While real life history is being made tonight at the Republican National Convention (this country really didn’t just nominate one of its most obnoxious citizens as a candidate for President of the United States, right?) I’m choosing to tune out the shenanigans. I watched last night and quite frankly, I’ve seen more than enough.
Instead, we’re watching Parks & Recreation this evening (“The Debate” from Season 4, which is actually rather apropos) and I’m sharing The Husband’s book review of Valiant Ambition: George Washington, Benedict Arnold, and the Fate of the American Revolution by Nathaniel Philbrick. (Who grew up here in Pittsburgh!)
While many believe they know the story of Benedict Arnold and his treasonous betrayal of his ‘country’, in Valiant Ambition by Nathaniel Philbrick, the many nuances and details that led Arnold – considered by some at the time to be an even greater commander of men than George Washington – to do what he did are deeply explored. Philbrick, at the same time, uses Washington’s story as a parallel to Arnold’s, making the book not only a great read, but one that greatly contributes to American Revolution historiography.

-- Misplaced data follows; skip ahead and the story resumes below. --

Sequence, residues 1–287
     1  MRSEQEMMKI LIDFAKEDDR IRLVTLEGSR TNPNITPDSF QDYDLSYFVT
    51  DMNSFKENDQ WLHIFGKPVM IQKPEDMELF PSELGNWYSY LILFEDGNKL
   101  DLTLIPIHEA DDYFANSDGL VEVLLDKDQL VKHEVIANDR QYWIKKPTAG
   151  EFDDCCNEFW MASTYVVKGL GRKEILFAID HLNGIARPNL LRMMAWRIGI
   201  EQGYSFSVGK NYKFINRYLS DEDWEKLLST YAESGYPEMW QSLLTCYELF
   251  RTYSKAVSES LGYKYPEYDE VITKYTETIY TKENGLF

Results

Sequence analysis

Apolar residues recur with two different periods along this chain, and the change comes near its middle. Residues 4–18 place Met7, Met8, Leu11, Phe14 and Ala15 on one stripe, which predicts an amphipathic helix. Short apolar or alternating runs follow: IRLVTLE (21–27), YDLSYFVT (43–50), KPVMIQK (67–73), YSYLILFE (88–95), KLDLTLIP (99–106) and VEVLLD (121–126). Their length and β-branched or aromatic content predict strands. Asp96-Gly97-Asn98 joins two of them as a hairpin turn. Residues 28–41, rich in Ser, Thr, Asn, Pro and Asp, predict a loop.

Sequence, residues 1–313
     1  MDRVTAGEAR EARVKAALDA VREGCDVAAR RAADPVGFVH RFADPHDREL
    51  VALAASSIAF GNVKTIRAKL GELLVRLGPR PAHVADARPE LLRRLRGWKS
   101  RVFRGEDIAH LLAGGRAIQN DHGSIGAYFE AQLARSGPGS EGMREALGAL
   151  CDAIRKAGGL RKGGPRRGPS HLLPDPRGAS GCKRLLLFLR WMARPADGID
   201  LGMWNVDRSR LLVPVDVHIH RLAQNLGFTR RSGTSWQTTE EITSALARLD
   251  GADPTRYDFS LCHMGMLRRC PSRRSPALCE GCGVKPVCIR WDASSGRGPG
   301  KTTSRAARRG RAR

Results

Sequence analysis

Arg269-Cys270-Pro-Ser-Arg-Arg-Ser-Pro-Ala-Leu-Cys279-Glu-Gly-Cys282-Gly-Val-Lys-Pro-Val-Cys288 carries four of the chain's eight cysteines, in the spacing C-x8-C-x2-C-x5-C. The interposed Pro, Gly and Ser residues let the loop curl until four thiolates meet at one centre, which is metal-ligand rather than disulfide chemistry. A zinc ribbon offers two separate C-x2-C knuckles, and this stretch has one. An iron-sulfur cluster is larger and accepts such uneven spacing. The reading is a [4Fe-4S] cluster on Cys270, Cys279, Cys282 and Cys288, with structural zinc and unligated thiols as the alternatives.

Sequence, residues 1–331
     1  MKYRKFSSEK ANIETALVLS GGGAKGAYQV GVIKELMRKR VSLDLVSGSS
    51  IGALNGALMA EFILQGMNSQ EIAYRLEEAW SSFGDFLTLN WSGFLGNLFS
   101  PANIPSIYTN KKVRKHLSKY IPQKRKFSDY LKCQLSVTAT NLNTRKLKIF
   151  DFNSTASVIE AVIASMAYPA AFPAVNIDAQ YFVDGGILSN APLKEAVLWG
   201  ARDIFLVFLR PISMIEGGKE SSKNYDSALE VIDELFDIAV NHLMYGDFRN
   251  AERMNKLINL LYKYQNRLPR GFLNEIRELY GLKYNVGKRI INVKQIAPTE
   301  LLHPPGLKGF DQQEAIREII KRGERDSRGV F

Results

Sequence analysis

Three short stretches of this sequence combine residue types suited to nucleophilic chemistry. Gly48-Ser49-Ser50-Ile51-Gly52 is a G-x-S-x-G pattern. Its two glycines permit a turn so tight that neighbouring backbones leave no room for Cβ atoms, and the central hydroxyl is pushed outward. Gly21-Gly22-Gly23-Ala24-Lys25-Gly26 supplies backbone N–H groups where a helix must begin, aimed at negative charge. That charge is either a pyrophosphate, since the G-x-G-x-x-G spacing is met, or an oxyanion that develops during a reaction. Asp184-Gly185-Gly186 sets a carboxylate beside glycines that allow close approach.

Philbrick argues that – in the end – a Benedict Arnold was needed to save the American colonies from losing the Revolutionary War. The story many of us ‘know’ is not how it really was during the fighting between 1775-1781. As Philbrick writes, “The real Revolution was so troubling and strange that once the struggle was over, a generation did its best to remove all traces of the truth. No one wanted to remember how, after boldly declaring their independence, they had so quickly lost their way; how patriotic zeal had lapsed into cynicism and self-interest; and how, just when all seemed lost, a traitor had saved them from themselves.”
This is post #51 of 99 in my 99 Days of Summer Blogging project.